Thu | Aug 6, 2020

Road Traffic Act stalled again

Published:Friday | November 23, 2018 | 12:00 AMLivern Barrett/Senior Parliamentary Reporter
Ruel Reid

The decision of the Senate to delay passage of the new road traffic legislation amid concerns raised by public transportation operators is a sign of Jamaica's maturing democracy, Government Senator Ruel Reid has asserted.

The Road Traffic Act 2018 was passed in the House of Representatives last week with six proposed changes, one of which has drawn criticism from the lobby groups that represent bus and taxi operators.

The bill, which creates new offences such as driving with a cell phone and other communi-cation devices and provides stiffer fines for existing offences, was scheduled to be debated then put to a vote in the Senate yesterday.




But early in the sitting, Reid, who acted as leader of government business, indicated that the proposed legislation would be considered at a "later date".

He explained that the delay was to allow for public education and consultation on the new amendments approved by his counterparts in the Lower House.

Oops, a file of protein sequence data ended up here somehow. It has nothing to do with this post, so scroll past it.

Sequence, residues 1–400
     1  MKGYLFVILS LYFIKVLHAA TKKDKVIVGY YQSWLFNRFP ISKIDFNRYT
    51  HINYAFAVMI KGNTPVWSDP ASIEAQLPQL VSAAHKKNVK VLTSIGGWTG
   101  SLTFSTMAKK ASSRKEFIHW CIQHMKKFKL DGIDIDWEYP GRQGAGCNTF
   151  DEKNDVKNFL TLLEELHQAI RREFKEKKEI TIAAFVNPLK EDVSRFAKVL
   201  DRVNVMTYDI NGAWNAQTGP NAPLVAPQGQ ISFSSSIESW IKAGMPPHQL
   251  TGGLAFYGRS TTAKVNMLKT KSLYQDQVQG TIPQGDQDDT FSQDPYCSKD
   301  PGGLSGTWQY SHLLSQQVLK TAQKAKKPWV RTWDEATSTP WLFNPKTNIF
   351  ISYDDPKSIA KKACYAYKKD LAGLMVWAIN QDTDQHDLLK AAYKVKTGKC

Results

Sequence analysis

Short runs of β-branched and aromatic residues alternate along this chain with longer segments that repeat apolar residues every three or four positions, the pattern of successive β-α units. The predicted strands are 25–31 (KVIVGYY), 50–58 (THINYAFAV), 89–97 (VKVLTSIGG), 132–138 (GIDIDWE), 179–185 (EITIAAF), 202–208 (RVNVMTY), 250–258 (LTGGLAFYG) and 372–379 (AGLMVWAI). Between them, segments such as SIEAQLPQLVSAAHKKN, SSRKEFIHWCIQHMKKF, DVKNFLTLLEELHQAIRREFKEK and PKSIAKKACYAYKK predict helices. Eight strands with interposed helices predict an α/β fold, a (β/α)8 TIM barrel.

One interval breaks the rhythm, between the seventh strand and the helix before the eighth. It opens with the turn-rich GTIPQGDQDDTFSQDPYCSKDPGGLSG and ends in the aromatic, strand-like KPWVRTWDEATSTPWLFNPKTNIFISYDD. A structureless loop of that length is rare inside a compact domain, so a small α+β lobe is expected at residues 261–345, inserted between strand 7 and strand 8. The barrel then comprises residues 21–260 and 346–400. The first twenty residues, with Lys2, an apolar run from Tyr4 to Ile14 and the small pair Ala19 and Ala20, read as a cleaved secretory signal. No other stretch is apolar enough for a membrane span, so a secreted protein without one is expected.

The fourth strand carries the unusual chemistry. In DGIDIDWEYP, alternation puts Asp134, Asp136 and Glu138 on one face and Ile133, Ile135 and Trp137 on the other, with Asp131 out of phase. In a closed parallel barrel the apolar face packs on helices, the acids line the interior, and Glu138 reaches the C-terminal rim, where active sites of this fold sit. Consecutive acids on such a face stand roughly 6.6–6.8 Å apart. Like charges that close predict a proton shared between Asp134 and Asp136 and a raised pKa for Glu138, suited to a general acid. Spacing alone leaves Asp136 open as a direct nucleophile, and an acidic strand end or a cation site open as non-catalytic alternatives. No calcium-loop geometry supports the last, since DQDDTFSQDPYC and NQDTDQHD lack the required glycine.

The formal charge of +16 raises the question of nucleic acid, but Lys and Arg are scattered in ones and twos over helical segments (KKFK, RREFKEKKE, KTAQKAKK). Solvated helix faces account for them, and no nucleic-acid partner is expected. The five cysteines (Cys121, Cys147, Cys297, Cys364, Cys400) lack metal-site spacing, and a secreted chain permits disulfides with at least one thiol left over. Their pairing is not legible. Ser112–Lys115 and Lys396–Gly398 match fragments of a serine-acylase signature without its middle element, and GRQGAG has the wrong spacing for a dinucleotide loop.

Outside the Senate, Reid explained that the Government wanted time to listen to the concerns of the public transportation operators and to provide clarification.

"This is a great opportunity for the maturing of our democracy, where stakeholders feel that the Government will listen to them if they have genuine concerns," he told The Gleaner. "We are not in a dictatorship, we are in a democracy, and so we will value our important stakeholders."

Louis Barton, president of the Jamaica Association of Transport Owners and Operators, explained that his group took issue with the section of the law that requires owners to pay for traffic offences committed by their drivers.

Barton, who was in the Senate when it was announced that the vote on the bill would be postponed, described the new clause as "totally unfair".

"We can understand and would support the owners being able to identify who the driver is that run through the red light or whatever misdeed it is, but to have the owner pay for it is unjust and is another way of digging into our pockets," he complained.

Reid said that the proposed legislation could be put to a vote next Friday.